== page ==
I'm with Will about slappin' some suet to these dry, lean logs of muscle. And, if cooked past 135, they are the culinary equivalent of a charleyhorse, ie a fully seized and contracted muscle.

          Years ago, after being served overdone eye of round by the family matriarch, who rarely missed, we sought to re-evaluate the ways to do this cut. She had served me solo while I was passing through town, and as she watched me reach for lots of water and lots of gravy and ask for A1 sauce she brought up the topic of how to do it better. We agreed to relegate the present roast to the freezer for making hash, and the next day went to store to get another muscle.

          How linear, how symmetrical, how well built. When I viewed it from the end, presenting its perfect circle, I was immediately struck with the vision of making radial cuts down its length, at a depth of halfway to the center, and laying a strip of bacon ( ie linear lard) into each 1" deep cut. Six cuts seemed like the perfect number. The beef suet was draped and arranged around the exterior for cooking, to 135..

          All un-rendered bacon and suet was removed for service. Slicing the cross-sections of the slotted roast took a little more care, but the presentation of the six flanges around the intact center was nice, and diners commented on how easy it was to cut with knife and fork..

          As a side note and a different use, cholesterol watchers can appreciate the "lowest cholesterol rating" of this cut for stir frys. When it is partially frozen and sliced paper thin and kissed by high wok heat, it is marvelous.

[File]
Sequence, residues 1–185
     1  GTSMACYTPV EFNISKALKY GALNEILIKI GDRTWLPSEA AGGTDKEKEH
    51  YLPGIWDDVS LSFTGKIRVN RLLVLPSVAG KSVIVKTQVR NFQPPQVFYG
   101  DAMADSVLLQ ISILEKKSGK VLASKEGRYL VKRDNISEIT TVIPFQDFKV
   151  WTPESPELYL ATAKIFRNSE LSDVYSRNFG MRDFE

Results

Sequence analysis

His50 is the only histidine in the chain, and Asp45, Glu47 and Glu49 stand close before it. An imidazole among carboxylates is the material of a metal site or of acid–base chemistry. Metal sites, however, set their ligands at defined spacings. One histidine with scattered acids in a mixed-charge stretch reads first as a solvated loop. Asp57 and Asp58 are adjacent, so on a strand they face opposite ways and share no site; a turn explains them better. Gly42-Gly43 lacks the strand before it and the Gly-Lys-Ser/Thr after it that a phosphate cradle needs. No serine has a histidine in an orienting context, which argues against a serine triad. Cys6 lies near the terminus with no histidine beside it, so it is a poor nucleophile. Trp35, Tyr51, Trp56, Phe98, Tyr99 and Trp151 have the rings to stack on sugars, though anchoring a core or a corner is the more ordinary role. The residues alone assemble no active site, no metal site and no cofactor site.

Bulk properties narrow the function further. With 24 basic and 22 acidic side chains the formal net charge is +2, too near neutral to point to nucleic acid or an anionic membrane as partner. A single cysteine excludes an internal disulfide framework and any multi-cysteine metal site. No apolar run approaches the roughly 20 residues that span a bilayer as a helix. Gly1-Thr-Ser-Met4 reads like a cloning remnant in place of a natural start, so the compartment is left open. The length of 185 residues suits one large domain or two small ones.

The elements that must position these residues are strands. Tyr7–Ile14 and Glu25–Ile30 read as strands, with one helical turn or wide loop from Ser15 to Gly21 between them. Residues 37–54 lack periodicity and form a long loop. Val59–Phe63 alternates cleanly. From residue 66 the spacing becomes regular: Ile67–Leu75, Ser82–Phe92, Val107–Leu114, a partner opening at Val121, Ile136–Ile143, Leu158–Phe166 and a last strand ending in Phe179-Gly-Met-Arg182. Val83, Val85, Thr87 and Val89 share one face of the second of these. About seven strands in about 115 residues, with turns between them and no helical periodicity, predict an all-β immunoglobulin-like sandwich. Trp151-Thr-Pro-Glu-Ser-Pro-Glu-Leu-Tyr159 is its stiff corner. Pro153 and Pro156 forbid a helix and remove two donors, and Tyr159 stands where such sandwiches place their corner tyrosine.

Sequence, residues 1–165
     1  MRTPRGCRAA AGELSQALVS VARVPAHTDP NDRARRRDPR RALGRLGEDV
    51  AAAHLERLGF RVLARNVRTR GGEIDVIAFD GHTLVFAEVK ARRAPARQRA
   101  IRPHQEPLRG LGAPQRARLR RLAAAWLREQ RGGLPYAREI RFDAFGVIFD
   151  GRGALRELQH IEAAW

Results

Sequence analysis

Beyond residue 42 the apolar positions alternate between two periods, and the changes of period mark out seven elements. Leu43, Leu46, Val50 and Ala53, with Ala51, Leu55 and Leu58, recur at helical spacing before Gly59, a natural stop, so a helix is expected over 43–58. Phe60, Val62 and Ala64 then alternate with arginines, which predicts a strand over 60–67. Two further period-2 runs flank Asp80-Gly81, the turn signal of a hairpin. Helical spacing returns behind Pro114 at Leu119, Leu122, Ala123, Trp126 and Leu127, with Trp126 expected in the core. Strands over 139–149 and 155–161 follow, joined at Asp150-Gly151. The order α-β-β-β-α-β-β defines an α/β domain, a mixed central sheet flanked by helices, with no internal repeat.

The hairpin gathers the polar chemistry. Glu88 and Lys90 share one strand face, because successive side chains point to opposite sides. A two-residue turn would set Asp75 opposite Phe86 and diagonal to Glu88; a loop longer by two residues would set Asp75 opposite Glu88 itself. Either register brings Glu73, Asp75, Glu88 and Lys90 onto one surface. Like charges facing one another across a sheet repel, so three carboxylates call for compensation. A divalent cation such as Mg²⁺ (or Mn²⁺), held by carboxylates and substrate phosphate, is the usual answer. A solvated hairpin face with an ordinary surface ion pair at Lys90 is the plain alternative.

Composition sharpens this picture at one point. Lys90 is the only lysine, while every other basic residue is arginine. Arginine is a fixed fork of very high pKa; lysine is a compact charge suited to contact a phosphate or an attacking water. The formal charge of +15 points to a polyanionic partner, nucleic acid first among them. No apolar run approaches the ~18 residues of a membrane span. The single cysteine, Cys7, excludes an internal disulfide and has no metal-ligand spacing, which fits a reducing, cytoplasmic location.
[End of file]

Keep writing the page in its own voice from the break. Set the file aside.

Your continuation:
1. re: FoodFuser

            Actually, you're with ME on the larding...Will was advocating barding.

            1. re: ricepad

              I'm with ricepad on Larding and Will on Barding.

              1. re: FoodFuser

                I think my next eye of round will get both, except I'll get one only about a foot long so that I can use my larding needle and put the fat strips in lengthwise. It will probably need to be roasted to 140º then, just so the fat won't be raw...

                I've also got a recipe for boliche, from a Cuban-food website, that calls for stuffing a Spanish chorizo down the center of an eye of round. That might be fun - haven't tried it yet, though.

                1. re: Will Owen

                  Eye round taken out of the oven at 140 does not sound promising, even with the fat.

                  1. re: Karl S

                    Ummm...I was actually sort of thinking out loud there, and you may be right. However, I know that pork tenderloin cooked to an internal 145 is pink enough to scare people, so I'd assume that any beef at 140 would still be between rare and medium. We *are* slicing this to just a tad thicker than potato chips, after all.

                    1. re: Will Owen

                      Well, unless you take the roast out of the frig and de-chill it thoroughly, taking it out of the oven at 140 means it will be medium. It's a bigger piece of meat than pork tenderloin, and the carryover cooking effect is that much greater. This is a cut you want no more than medium rare, and on the rare side of that if possible.

      2. I agree that low and slow is the way to go. And I mean low. Sear it and put it into a 250 degree oven until done.

        1 Reply
        1. re: Amuse Bouches

          Sorry to disagree: the reason for barding is to take advantage of high heat while not ruining your roast. Bard, but low and slow you might as well not.